Water is extremely important, of course. If you plan to be in well populated areas that aren’t extremely hot, this will be easier to plan for. If you’re traveling through an expansive desert, knowing how much water you need and how you’re going to carry it is absolutely crucial. Possibly the worst threat to a hitchhiker is being stranded without access to clean water. Take this seriously and have a good plan.
6. Travel with a group?
There are obvious advantages to traveling with a partner. Standing at the side of the road for a couple of hours is much more tolerable if you have a friend to pass the time with. The downside is that it might make it more difficult to catch a ride because of space constraints. A solo driver might also be reluctant to pick up two passengers. One possibility is to travel with a partner but decide to allow yourselves to be separated. You can always get in touch down the road.
7. Sign or no sign?
There is some debate about the benefits of holding a sign with your destination printed on it. It can help the driver to know if they can be helpful. On the other hand, if the driver can’t get you all the way to your destination they may pass you by. Even though getting a few miles closer might be a big deal to you, a driver might not understand that and pass you by because they can’t take you all the way.
It’s also important to consider whether a driver has enough time to read your sign before speeding past. There’s even the risk that they will mistake you for a panhandler and keep driving. It turns out the old fashioned thumb might be the best way to go.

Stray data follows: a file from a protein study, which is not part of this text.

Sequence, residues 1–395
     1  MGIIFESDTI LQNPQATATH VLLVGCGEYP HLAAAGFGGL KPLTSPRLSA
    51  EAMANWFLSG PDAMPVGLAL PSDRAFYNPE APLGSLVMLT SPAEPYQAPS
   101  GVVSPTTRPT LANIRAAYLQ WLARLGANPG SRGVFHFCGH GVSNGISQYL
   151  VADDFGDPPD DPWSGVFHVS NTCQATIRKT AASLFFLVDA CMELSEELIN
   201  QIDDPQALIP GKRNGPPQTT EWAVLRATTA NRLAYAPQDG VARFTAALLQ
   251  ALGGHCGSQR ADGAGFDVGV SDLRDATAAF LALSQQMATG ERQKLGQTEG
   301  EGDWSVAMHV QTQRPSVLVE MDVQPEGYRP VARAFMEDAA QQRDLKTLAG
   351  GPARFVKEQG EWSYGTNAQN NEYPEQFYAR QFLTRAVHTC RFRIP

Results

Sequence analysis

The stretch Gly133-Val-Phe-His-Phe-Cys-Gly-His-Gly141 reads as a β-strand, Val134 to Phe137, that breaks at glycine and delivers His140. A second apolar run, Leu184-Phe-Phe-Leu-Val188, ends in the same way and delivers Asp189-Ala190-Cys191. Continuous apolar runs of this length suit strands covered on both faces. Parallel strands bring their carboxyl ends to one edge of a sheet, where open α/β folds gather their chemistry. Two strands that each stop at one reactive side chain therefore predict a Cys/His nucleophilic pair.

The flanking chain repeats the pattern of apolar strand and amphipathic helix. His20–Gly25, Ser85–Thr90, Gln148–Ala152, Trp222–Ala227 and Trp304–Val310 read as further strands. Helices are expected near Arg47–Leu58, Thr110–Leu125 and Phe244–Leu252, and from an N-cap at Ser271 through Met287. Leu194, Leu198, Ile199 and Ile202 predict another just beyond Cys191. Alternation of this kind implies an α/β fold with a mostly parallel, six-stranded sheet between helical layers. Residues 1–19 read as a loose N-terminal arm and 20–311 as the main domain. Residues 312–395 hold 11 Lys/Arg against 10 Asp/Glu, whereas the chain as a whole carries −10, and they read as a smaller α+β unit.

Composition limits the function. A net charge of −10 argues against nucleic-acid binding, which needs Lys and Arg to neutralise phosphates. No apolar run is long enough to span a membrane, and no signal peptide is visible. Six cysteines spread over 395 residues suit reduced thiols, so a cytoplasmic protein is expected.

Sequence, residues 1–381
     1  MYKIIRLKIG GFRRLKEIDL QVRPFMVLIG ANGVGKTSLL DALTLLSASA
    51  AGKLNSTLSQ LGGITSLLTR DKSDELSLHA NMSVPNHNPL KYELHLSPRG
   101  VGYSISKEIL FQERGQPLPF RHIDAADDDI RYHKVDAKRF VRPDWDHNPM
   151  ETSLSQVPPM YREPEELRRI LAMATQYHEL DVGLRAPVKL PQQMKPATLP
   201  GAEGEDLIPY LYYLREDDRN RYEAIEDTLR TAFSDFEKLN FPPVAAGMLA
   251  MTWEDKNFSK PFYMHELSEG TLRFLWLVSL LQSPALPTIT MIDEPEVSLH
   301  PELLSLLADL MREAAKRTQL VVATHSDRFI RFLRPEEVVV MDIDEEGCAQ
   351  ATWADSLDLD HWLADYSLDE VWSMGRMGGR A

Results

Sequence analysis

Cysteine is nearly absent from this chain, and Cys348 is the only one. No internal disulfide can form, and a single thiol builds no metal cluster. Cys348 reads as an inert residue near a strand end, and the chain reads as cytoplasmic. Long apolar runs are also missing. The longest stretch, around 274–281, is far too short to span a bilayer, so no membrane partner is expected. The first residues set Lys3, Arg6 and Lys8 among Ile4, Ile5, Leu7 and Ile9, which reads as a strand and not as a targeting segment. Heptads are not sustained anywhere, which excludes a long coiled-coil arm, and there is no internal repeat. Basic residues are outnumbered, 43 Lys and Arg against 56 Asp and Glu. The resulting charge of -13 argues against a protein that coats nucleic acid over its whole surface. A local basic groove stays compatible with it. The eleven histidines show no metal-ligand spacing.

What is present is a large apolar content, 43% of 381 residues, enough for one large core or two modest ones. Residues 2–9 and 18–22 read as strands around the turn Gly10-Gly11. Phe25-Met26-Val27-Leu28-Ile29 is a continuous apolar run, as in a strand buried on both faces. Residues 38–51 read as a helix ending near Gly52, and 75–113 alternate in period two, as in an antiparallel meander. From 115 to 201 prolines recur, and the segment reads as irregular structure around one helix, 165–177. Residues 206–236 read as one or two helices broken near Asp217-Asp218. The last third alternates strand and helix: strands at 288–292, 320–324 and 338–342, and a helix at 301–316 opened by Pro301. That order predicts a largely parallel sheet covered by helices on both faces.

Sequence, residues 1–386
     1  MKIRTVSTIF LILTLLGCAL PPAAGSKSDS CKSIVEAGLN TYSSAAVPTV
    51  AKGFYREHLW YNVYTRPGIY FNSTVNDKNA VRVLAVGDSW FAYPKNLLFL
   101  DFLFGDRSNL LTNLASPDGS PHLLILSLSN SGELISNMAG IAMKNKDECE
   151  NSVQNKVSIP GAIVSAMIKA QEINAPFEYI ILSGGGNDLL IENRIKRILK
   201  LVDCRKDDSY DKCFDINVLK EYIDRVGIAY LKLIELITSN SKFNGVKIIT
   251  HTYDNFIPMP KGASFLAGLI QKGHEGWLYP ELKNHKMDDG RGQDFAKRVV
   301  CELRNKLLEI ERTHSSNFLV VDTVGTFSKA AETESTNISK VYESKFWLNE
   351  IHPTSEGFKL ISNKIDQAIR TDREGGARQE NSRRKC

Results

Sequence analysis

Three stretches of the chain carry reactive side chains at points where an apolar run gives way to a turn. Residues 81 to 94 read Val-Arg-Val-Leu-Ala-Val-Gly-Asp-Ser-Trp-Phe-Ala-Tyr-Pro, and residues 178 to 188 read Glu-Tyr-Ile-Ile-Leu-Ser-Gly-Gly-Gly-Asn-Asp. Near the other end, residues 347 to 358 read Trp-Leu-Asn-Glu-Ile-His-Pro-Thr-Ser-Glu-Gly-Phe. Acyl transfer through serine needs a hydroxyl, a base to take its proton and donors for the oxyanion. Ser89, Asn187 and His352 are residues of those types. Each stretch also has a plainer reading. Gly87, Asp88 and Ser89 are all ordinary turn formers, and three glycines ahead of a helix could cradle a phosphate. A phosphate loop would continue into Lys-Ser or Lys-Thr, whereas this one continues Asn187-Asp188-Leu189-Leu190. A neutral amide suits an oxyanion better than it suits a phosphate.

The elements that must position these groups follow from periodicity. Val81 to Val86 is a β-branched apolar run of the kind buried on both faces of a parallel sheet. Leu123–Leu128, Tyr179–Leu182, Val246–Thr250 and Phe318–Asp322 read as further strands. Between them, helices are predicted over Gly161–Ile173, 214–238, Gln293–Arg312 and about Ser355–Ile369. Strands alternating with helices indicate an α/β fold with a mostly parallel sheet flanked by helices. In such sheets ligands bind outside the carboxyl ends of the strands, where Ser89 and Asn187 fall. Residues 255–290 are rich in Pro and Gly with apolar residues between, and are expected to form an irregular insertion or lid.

8. What kind of map?
You need a map (and the ability to read it), no doubt. The more detailed the better but you don’t want something large that you have to unfold every time you want to look at it. Electronic mapping applications are handy for this, but if you’re relying on that alone you need to make sure your device is always charged.
9. Can you afford to pay for a ride?
For many, this goes against everything hitchhiking is about, but it’s worth putting some thought towards. If you can offer anything to thank the driver it might be helpful. In some countries in eastern Europe hitchhiking is extremely common, even among locals, but there is an expectation that some small compensation will be offered. You can find out from fellow travelers what the local conventions are.
10. Do you have a specific destination in mind?
Most of us, when we leave home, know exactly where we’re going. That’s the whole point of leaving home. Imagine for a moment that you don’t have a specific destination. Think of the freedom offered by taking a ride, even if it’s not in the direction you expected. It could open your trip to serendipity and experiences you never expected to have. You would be living the saying that, “The journey is the destination.”
While there is a lot to consider before departing on a hitchhiking journey, it’s really no different than any other mode of travel. In many ways, it’s much simpler. Like anything else, it gets easier with practice and the rewards can be spectacular.